What is natural wine?
The idea of natural wine is quite simple and praiseworthy. We live in a world in which we have to accommodate billions of people, feeding them, ensuring their food is safe and not harming the planet in the process. Overall we have done a credible job of feeding people from the perspective that the planet is capable of producing an excess of nutrition. The problem is the very uneven distribution of the food and the impact on the planet of high tech farming. There are of course, many bad actors, some agricultural giants more interested in extracting the maximum yield from the earth at the lowest price without always sufficient concern for consumer safety, sustainability and planet health. Some winemakers and drinkers are also looking at these issues, and have been for some time. Today it is possible to buy organic, biodynamic, sustainable and natural wine. I will not get bogged down in precise definitions of the above four categories, but briefly they are as follows:
Organic: Wines are made with organically grown grapes, meaning no artificial sprays, herbicides and fungicides and fertilizers. Cellar practices may use products not allowed under the definition of organic, particularly sulfites. For a wine to be labeled “organic” in the USA, versus labeled “made from organically grown grapes,” there can be no added sulfites.
Biodynamic: Biodynamic wine is essentially organic wine made according to the principles of philosopher Rudolf Steiner. It is essentially organic farming and winemaking with a spiritual component. It goes a tad further than organic farming in the pursuit of healthy soils and sustainability.
Sustainable: Sustainable farming is not only eschewing the use of artificial products but it has a social component, looking at the health, not only of the soil and the vines but native flora, fauna, farm workers and the surrounding communities.
Natural: Natural wine effectively encompasses all of the above in addition to trying to minimize the effect of the hand of man. Some in the natural wine movement believe that wine, made as it was a century or more ago, was better, safer, more authentic and kinder to the environment. There is not yet a universally accepted definition of natural wine with some adherents advocating for a completely hands-off approach and others promoting a more nuanced interpretation!
No matter which of the above philosophies is being employed, they are all steps in the right direction and are to be encouraged. There is another salient point; people who have the passion to go the extra mile will make better wines, even using conventional farming and wine making.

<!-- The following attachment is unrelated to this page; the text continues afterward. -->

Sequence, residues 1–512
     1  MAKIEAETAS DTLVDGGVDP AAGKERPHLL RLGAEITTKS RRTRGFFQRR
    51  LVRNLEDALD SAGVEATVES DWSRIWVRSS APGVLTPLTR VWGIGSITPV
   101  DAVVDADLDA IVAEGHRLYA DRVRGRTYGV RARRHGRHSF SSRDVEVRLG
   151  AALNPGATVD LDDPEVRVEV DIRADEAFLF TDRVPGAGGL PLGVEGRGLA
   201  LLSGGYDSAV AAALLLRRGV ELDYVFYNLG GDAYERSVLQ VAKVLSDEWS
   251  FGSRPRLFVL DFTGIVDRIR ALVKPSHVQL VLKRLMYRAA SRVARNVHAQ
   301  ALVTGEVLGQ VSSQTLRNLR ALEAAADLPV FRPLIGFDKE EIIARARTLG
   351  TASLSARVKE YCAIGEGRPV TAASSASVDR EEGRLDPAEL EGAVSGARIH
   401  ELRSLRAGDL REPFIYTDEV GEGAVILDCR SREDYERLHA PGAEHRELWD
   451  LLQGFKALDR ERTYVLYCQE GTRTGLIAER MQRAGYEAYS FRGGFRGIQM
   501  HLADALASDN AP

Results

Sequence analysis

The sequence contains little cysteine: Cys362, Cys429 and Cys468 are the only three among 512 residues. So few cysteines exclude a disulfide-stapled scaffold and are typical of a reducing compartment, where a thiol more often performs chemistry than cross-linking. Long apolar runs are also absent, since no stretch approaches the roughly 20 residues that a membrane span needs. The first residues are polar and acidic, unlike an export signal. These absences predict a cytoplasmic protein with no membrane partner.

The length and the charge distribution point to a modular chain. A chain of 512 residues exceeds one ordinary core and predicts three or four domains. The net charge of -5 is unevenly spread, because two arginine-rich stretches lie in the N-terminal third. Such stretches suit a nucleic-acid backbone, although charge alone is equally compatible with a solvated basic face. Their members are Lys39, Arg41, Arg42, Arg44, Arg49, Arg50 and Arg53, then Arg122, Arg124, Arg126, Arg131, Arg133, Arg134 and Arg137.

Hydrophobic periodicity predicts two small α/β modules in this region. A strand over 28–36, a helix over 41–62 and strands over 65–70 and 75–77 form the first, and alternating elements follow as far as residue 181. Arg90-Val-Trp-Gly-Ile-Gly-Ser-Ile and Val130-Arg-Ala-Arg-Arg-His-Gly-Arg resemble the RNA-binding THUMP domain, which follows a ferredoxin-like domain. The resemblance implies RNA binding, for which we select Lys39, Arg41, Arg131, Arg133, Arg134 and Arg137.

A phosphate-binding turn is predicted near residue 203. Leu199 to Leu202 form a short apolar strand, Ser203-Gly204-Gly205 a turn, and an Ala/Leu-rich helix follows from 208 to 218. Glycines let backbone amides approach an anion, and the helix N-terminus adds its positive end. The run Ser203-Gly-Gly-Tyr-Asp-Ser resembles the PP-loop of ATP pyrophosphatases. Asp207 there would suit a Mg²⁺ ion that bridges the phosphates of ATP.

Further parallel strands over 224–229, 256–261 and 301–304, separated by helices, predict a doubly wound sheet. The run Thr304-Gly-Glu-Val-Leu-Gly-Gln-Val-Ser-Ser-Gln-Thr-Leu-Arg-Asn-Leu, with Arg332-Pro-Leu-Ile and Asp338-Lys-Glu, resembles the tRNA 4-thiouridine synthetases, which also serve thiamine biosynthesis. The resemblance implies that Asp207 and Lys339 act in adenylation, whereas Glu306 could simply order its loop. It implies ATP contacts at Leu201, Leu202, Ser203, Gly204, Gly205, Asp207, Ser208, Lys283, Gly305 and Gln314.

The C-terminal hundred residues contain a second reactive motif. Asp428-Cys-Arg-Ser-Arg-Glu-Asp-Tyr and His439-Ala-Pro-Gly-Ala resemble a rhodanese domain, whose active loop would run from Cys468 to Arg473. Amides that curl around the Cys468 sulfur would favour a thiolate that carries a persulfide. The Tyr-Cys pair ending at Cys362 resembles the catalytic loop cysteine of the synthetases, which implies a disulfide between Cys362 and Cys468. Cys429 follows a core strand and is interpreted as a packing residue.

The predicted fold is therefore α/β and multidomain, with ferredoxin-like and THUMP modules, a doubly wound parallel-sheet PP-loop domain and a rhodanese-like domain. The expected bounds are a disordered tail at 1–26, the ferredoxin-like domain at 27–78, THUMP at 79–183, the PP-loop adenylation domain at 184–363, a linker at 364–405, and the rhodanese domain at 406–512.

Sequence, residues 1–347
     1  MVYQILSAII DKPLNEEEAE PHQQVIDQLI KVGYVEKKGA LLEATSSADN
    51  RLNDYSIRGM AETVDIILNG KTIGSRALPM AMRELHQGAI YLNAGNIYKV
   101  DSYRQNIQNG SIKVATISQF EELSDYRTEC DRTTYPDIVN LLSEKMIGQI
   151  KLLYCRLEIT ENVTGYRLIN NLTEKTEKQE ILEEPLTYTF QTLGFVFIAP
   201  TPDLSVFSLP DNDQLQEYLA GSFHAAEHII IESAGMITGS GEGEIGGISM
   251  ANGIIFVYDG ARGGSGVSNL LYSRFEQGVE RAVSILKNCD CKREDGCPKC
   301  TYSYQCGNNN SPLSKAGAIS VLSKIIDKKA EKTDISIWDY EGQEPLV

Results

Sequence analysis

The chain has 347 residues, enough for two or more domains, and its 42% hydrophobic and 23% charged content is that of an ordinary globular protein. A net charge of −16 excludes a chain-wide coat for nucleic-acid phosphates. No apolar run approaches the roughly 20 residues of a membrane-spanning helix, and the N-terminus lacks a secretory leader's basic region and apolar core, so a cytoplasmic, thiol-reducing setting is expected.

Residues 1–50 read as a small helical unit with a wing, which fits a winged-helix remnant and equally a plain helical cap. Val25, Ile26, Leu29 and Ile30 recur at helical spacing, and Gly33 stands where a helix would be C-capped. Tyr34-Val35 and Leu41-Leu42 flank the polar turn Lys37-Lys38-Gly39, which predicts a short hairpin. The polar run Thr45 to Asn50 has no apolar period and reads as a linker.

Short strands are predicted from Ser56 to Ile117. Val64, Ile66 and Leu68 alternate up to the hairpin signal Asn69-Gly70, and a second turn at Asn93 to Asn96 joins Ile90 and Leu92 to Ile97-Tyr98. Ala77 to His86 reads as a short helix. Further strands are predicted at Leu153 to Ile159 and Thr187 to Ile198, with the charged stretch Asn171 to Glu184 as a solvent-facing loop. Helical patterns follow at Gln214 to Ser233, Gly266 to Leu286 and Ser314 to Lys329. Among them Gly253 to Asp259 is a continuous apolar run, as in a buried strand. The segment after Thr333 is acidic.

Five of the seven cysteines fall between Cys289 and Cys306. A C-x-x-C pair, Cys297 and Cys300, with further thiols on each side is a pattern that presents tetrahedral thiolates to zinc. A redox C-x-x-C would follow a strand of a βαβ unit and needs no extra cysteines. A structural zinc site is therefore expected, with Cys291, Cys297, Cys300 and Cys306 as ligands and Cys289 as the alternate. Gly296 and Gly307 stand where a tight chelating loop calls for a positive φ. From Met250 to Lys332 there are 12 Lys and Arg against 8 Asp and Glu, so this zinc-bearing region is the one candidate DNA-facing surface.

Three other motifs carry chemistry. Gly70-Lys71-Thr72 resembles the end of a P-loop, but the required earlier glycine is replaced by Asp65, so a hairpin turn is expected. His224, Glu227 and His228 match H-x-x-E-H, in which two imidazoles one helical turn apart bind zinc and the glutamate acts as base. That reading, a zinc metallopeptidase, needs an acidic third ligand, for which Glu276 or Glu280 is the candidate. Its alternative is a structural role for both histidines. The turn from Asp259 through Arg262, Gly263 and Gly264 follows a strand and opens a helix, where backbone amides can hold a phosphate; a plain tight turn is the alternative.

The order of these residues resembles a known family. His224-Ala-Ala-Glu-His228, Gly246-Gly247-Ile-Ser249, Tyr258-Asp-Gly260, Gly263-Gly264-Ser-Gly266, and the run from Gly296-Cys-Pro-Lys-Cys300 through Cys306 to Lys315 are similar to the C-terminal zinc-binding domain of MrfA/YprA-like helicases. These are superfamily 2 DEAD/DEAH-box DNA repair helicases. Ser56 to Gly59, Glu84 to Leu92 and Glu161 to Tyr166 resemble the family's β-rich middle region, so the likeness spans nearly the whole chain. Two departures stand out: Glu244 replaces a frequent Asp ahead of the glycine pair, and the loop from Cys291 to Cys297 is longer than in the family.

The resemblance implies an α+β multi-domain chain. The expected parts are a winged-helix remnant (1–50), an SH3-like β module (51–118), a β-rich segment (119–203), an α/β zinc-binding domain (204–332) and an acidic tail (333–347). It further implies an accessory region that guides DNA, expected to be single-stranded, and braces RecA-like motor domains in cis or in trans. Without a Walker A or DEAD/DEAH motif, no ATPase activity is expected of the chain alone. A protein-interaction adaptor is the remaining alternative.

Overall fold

So, what do I think? There are some basic underlying facts which inform my opinion. Not the least of them is that commercial grape farming, like almost all farming, is not natural. Vineyard land is cleared and prepared for planting. This includes many aspects from contouring, to soil ameliorations to installing drainage. The vast majority of grape varieties planted are special clones bred to produce better grapes for wine. In most of the world, these clones form the scions that are grafted onto rootstocks. Why? Well, in many vineyards an ungrafted vine would die as a result of the roots being attacked by a louse called phylloxera. We require the carefully selected clone for fine wine and the rootstock for its phylloxera resistance. Not exactly a natural environment; cleared and contoured land, possibly with drainage and / or irrigation; planted to non-native vine species; carefully bred for certain characteristics and mated to rootstock! We have gone to great lengths to ensure that we can grow fine grapes for wine. We must coax great grapes from the vines. This requires inputs from pruning, to topping to hedging; well you get my point! Now we must bring this same sensibility to wine making. It too is not natural, even starting with the decision on when to pick the grapes. It is true that natural winemakers will not use cultured, commercial yeasts and many won’t use sulfites. Natural wine is in part a response to commercial wine; there is the belief that wines are becoming commoditized and are losing interest and diversity, which are being subsumed into a corporate, commercial ideal of what wine should be. But I have seen and tasted natural wines that are cloudy with atypical (at least for me) colors, with off aromas and taste resulting from sloppy, ignorant and just plain incompetent winemaking. Why would I drink something that just for starters does not look appetizing? Yet, some of these wines masquerade as the pinnacle of the winemakers’ craft, epitomized by the winemakers’ admirable self -restraint in the interests of authenticity and uniqueness. The analogy for me is like having puppies in your yard. You want them to be free to express themselves. You don’t want to turn them into circus acts but, by the same token, you can’t leave the yard gates open and allow them to roam unsupervised. There is an unacceptable risk to the well-being of the pets and possibly even members of the public. So too with wine!
In the final analysis I want natural winemaking to succeed with its promise of more interesting wines. I spend my energies dear readers, looking for interesting and unique wines to bring to you and the world is full of them, including natural wines lovingly and committedly raised without being sacrificed at the altar of some purist doctrine!
I have a dear friend, Umberto Buccicatino, farming wine in Abruzzo, Italy. His wines are organic. “Peter,” he says to me, “I farm as my father and grandfather before me. We farm naturally. Our children and animals play in the vineyards. Our workers work there. Our neighbors are close by. I do not know any other way to farm!”
Want to taste an organic wine made by Umberto?
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Selected by Peter Koff MW
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